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Title: Becoming indiscernible: from bare life to female machines. A study of the philosophy of Agamben and Deleuze in the space of science fiction
Other Titles: Becoming indiscernible: from bare life to female machines
Authors: Cox, Emily Venetia
Advisors: Watkin, W
Boudreau, K
Krzywinska, T
Brown, D
Keywords: Gender studies;Feminism;Posthumanism;Biopolitics;Philip K. Dick studies
Issue Date: 2017
Publisher: Brunel University London
Abstract: The tendency within science fiction to satirise and expose dominant political and social structures works in harmony with Agamben’s paradigmatic, philosophical system, which seeks to similarly expose the functioning of biopolitical structures in the West. Agamben is known for his controversial statement that the concentration camp has become the paradigm of modern western government. A key aspect or biproduct of this process is the situation of bare life – a state of being excluded from the polis that emerges as a result of the suspended nature of the paradigm of western government. This state is one of political denudation, such that governments may sanction the abuse and even killing of certain groups: a chief historical example is the murder of Jews during the Nazi holocaust. Sf novels, particularly the work of Philip K. Dick offer unique insights into the process that produces bare life, partly by exhibiting its own specific examples: positing the inhuman or post-human, androids and even women as instances of such. This thesis argues that Womankind is perhaps the central and most pervasive case of bare life, given her long-standing historical oppression. Furthermore, the representation of women in sf often exposes and in some cases critiques the patriarchal power structures that have allowed women to inhabit this political state. The philosophy of Deleuze offers the much needed potential to break away from this never-ending system of female oppression that the current paradigm of biopolitics facilitates. His and Guattari’s system of becoming and immanence provides a framework for discussing the position of women as, rather than hopeless victims of a stagnant system, one of potential that they term becoming-woman; this process can be manipulated in certain emancipatory directions, freeing women from patriarchal, political practices. The sf figure of the gynoid in particular acts as a zone of indeterminate becoming whose presence in sf popular culture, literature and also in sf video games (e.g. the Mass Effect and Deus Ex series) is a conduit for exploring and imagining alternatives to current modes of being that are not necessarily gendered. I call this process becoming-gynoid, which offers new avenues for exploration in terms of gender and feminist theory both in sf fiction and sf video games.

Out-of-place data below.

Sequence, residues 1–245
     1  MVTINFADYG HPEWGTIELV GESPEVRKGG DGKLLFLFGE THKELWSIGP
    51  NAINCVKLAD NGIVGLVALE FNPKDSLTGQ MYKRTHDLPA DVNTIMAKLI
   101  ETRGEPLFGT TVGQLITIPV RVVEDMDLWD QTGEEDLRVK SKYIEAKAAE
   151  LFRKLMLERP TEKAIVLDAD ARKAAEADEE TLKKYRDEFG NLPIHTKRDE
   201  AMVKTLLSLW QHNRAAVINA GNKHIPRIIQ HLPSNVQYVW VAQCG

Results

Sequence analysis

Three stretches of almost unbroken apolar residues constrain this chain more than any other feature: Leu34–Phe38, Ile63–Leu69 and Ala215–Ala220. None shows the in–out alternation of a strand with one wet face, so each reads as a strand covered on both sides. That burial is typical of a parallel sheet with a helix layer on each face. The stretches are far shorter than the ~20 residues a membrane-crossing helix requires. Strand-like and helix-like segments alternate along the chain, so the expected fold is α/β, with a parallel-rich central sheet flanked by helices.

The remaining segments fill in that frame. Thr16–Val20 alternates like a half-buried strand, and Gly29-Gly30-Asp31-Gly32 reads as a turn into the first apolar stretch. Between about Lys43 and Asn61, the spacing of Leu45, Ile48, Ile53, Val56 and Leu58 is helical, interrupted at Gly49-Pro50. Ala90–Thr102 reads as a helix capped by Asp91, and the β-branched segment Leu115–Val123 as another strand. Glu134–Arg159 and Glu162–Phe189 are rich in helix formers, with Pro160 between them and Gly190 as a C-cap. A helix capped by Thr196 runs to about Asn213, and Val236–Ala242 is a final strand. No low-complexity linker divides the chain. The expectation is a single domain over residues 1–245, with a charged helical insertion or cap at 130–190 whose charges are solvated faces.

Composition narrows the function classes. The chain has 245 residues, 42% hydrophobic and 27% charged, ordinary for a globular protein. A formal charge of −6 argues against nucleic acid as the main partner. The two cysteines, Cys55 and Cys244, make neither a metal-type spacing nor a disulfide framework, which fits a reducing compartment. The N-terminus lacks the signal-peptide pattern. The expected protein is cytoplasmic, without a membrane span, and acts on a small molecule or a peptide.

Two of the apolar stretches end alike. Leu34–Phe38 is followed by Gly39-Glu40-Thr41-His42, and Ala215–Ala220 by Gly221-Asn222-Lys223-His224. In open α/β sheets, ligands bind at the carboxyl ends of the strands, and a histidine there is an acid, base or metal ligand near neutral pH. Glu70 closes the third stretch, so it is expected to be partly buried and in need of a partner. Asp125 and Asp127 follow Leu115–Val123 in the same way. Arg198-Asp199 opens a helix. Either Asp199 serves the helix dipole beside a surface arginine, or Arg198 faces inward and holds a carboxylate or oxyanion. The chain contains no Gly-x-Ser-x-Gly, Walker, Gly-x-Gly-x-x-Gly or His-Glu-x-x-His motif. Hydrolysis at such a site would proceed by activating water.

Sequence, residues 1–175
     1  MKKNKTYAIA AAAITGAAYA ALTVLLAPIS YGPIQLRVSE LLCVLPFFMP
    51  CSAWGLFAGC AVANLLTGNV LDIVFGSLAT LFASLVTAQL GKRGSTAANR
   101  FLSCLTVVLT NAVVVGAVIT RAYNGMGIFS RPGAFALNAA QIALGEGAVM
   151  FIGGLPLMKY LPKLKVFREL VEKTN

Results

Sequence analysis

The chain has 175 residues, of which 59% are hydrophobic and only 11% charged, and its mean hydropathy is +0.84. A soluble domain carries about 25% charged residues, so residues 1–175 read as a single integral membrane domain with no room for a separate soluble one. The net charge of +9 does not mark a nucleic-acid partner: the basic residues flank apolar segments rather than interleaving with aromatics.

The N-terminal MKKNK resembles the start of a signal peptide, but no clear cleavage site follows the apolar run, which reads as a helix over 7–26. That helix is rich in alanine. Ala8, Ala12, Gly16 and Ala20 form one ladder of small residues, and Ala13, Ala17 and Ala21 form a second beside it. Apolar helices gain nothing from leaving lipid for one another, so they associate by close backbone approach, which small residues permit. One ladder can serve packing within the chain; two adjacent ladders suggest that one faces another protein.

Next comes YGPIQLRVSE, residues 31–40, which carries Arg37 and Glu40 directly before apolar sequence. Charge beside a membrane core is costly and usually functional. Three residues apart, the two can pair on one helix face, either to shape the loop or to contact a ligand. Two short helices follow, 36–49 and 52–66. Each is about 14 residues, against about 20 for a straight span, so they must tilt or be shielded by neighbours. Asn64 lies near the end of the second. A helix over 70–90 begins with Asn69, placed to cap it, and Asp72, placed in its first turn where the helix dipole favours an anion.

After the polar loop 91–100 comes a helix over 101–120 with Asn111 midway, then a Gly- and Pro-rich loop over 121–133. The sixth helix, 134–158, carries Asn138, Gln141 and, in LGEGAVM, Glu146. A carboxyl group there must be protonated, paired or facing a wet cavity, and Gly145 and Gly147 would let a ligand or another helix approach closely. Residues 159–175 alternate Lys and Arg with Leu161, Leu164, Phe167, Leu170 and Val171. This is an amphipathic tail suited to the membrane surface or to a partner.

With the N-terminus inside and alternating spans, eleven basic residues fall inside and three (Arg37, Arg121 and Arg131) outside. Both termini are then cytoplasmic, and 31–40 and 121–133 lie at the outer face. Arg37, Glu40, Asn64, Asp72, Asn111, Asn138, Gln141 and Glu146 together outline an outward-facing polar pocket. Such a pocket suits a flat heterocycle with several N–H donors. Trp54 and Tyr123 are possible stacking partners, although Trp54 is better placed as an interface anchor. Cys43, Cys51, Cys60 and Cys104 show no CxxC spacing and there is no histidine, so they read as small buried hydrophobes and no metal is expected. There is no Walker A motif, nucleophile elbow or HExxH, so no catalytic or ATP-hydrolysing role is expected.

Description: This thesis was submitted for the award of Doctor of Philosophy and was awarded by Brunel University London
Appears in Collections:English and Creative Writing
Dept of Arts and Humanities Theses

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